The opinion of the court was delivered by: FULLAM
Plaintiff was not represented by an attorney at the trial of this case, but instead acted as his own counsel. He had previously been represented in this action, at various times, by at least two sets of eminently qualified and reputable attorneys, but later consented to their withdrawal. He was granted various continuances of the trial so that he might, if he chose, retain other counsel. As early as June 1966, plaintiff stated of record that he intended to act as his own lawyer at trial, and there can be no question whatever that when the case was finally reached for trial in October of 1966, plaintiff's decision to act as his own counsel was voluntary and long planned.
As often happens in such situations, so many allowances were made in plaintiff's favor because of his alleged lack of knowledge of legal proceedings that, had the verdict been favorable to the plaintiff, the defendant would probably have been entitled to a new trial. However, the jury found in favor of the defendant, on the express ground that they found the plaintiff guilty of contributory negligence.
Plaintiff has now obtained still another lawyer, in an attempt to secure a new trial on the sole ground of plaintiff's lack of representation at the trial.
Argument on plaintiff's post-trial motions was postponed at his request so as to enable him to obtain counsel, and thereafter was postponed again so as to enable his new counsel to review the record and prepare his argument. When the case was finally argued, counsel conceded that no error appeared in the record and, as noted above, based his argument solely upon the contention that the lack of counsel made the trial necessarily unfair. Plainly, there is no merit to this contention. Plaintiff had a legal right to act as his own lawyer, and in the absence of any suggestion that he was incompetent to make that decision, there is no basis for permitting a belated change of mind.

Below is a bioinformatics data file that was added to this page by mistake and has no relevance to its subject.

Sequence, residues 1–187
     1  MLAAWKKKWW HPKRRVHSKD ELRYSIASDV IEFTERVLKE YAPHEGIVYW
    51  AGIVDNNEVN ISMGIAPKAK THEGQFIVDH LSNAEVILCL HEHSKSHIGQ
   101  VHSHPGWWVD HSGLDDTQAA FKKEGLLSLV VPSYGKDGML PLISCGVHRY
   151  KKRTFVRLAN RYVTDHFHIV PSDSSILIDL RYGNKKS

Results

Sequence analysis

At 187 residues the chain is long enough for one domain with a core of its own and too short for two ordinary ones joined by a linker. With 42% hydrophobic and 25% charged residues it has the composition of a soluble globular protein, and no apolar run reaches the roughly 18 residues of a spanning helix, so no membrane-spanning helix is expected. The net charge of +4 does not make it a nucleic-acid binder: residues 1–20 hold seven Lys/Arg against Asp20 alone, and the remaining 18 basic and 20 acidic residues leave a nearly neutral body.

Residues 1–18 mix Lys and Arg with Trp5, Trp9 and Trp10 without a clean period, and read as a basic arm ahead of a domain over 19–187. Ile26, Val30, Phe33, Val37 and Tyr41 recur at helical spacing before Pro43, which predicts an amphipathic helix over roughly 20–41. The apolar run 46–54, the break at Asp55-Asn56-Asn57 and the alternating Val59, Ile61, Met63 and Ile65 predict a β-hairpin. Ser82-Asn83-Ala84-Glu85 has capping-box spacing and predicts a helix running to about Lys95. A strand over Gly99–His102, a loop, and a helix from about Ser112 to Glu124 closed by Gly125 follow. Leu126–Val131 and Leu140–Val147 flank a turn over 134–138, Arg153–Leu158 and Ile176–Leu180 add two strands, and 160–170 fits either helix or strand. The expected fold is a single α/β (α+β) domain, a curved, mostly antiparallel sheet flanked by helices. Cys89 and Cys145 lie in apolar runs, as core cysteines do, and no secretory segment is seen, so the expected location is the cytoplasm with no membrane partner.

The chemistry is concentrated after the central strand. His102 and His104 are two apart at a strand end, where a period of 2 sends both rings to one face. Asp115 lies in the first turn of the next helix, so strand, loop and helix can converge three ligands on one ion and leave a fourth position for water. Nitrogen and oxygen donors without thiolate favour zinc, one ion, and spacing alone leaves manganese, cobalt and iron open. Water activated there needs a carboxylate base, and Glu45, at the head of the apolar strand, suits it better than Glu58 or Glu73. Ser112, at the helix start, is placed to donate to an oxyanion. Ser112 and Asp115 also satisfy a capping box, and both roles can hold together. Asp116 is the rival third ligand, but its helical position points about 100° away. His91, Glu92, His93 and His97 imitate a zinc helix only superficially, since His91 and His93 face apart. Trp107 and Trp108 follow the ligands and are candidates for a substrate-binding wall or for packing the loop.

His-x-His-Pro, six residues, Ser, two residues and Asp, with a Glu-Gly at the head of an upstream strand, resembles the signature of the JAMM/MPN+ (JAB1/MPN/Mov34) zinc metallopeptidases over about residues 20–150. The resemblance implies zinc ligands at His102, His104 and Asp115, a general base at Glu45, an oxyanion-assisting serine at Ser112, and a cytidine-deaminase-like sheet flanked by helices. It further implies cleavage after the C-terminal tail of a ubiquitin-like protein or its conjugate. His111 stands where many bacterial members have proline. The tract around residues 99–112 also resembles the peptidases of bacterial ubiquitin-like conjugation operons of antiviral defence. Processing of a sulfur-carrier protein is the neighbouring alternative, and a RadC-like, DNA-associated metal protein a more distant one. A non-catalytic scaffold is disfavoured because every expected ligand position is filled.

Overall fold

Moreover, I do not believe that even the most skillful attorney could have changed the facts of the accident, which admittedly occurred in a blinding snowstorm on the Pennsylvania Turnpike. There was sharp disagreement in the testimony on certain issues, but under any view of the evidence it would be difficult to avoid the conclusion that either both drivers were negligent, or neither was.
And, while unnecessary to the present decision in view of the explicit finding of contributory negligence, I believe it appropriate to observe that the undisputed and documented medical history of the plaintiff was such that any finding of causal relationship between the accident and the damages sought would have been contrary to the overwhelming weight of the evidence.
Plaintiff's motion for a new trial will be refused.
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